Number of patients 40 20  
Δ Hb (g/dL) -0.65 ± 0.5 -1.115 ± 0.7 p<0.0001
Δ FER (ng/mL) -12.2 ± 8 -17.6 ± 7 p=0.155 (n.s.)
Δ% TSAT -2.44% ± 5.5 -6.25% ± 8.2 p<0.0001
Δ% RET -0.47 ± 0.4 -0.17 ± 0.6 p=0.166 (n.s.)
HRET 1.18 4.73  
MRET 8.28 11.1  
LRET 90.4 84.18  

Table 2: Patient’s results (San Camillo-Forlanini Hospital). Δ Hb: Difference between Hb at T0 (before PABD) and T1 (ten days later); Δ FER: Difference between FER at T0 (before PABD) and T1 (ten days later); Δ% TSAT: Difference between % TSAT at T0 (before PABD) and T1 (ten days later); Δ% RET: Difference between % RET at T0 (before PABD) and T1 (ten days later); HRET = Reticulocytes with High RNA counter; MRET: Reticulocytes with Medium RNA Counter; LRET: Reticulocytes with Low RNA Counter.

In group B (20 patients), all pts underwent the PABD’S program without Ferrous chelated bisglicinate therapy. For all pts were used for the same indications as the sampling procedure and autologous devices from the same collection.

All the patients carried out the study of the parameters established under basal conditions (immediately before PABD) and after ten days from PABD. The treatment with ferrous bisglycinate chelate started the same days of the PABD and lasted till 10 days after PABD.

All data were analyzed by a statistical evaluation (ANOVA procedure) for the two different groups of patients for every variable. We compared the difference in haemoglobin concentration (Hb), percentage of reticulocytes (% RET), serum ferritin (FER) and percentage of transferrin saturation (%SAT) from the day of PABD to ten days after donation between the two groups.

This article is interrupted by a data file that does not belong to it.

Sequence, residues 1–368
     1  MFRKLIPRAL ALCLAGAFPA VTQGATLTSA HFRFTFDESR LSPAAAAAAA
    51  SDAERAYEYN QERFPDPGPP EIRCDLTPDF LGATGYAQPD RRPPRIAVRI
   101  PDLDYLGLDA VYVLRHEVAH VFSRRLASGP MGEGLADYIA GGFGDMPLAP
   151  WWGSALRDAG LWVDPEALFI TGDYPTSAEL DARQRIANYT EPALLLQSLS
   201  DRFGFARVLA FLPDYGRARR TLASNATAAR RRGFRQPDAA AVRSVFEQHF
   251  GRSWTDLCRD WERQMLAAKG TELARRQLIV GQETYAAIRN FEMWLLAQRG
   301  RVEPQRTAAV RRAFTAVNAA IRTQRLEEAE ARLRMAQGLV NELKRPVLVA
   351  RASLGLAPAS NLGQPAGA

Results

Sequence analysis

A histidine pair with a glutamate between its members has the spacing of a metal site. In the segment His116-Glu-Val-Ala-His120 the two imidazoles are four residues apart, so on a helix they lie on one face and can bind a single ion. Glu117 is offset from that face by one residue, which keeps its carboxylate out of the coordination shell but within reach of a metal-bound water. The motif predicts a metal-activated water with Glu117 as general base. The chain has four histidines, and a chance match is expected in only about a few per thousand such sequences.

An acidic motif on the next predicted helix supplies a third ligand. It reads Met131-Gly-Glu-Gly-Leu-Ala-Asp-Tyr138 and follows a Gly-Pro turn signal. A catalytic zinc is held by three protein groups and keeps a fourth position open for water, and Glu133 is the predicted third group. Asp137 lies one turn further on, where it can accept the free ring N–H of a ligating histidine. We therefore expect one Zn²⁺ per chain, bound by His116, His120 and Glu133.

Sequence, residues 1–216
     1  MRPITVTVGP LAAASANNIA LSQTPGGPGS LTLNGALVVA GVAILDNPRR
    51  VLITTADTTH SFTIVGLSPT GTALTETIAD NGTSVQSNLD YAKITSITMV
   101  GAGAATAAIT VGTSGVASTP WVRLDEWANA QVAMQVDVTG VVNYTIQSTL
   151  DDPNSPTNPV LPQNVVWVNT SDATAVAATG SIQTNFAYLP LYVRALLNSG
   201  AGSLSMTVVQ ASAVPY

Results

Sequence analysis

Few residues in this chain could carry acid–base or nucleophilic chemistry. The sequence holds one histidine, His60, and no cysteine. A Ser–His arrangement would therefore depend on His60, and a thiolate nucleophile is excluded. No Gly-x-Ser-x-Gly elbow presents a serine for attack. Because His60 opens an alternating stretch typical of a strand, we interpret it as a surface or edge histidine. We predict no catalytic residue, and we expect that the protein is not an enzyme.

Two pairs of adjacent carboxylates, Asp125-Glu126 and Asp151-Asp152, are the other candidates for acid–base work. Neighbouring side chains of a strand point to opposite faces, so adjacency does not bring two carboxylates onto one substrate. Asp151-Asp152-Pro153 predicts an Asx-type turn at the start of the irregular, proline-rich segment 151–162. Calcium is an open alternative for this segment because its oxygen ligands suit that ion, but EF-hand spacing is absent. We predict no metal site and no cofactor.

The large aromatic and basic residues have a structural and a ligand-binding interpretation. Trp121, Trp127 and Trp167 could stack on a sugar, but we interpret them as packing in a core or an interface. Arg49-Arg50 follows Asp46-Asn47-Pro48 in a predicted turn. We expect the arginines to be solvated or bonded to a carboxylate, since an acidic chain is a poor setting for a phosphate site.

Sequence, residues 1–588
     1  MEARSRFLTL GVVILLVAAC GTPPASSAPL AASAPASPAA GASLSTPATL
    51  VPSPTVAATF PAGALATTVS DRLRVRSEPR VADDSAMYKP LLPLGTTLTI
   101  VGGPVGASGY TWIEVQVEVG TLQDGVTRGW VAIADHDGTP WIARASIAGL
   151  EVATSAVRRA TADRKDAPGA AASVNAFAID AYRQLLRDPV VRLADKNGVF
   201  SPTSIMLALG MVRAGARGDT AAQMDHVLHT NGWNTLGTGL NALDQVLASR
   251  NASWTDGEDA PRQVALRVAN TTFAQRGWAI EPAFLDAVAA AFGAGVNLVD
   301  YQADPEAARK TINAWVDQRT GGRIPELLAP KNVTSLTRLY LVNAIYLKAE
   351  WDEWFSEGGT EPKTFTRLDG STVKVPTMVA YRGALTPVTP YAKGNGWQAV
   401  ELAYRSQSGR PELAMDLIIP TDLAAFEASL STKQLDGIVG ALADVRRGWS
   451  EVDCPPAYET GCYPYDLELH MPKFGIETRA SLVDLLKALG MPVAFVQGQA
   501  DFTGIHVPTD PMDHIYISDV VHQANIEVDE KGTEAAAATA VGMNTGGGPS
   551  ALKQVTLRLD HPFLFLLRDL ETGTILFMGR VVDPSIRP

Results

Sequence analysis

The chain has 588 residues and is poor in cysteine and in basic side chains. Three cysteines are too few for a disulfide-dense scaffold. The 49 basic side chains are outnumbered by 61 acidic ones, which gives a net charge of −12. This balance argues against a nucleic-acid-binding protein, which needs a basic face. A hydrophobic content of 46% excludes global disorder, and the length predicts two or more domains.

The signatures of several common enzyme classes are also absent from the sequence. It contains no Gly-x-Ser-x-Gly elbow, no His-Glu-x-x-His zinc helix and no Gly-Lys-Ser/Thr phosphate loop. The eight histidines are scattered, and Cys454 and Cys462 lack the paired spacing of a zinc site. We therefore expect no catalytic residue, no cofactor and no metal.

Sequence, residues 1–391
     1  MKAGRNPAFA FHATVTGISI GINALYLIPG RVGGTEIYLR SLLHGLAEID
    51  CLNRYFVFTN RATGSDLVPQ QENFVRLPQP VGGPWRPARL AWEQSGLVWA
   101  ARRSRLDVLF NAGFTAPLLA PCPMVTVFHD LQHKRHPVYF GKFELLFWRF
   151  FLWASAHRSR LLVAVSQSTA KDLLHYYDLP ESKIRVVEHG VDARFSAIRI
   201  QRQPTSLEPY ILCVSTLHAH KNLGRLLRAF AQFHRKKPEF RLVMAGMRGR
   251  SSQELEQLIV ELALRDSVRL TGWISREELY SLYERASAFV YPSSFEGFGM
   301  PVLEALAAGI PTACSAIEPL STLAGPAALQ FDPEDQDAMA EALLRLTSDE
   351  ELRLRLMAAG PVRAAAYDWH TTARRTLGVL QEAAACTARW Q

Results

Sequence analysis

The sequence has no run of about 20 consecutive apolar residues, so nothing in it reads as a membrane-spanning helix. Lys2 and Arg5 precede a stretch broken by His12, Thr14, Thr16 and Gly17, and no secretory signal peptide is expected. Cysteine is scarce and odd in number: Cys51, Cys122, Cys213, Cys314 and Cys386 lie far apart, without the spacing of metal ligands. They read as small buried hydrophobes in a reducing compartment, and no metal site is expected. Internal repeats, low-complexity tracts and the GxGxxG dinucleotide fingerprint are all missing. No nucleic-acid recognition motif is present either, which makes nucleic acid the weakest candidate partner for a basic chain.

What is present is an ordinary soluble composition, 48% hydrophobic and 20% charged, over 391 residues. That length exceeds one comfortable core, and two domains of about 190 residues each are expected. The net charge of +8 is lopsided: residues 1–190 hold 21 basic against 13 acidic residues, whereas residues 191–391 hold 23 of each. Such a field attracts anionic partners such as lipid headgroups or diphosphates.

Patient’s results are summarized in Table 2. It was interesting to observe a statistical significance (p less than 0.0001) between groups for the clinical trial primary end-point (Hb) and for one of the secondary end-points evaluated, %TSAT (p less than 0.0001).

For FER (p=0.155) and for %RET (p=0.146) no statistical significance have been pointed out between the two groups

Also the increase in the proportion of circulating immature retycolocites (RETH) in comparison with mature component in the ferrous bysglicinate treated group suggests an increase of effective erythropoiesis by adding Ferrous Bysglicinate therapy to PABD.

Patients receiving oral iron therapy present a lesser iron depletion and an increased in erythropoiesis that limited Hb reduction due to PABD.

No side effects have been observed in the patients enrolled in the trial confirming that Ferrous bysglicinate chelate administered by oral route seems to possess a very interesting profile related to the absence of gastrointestinal adverse events.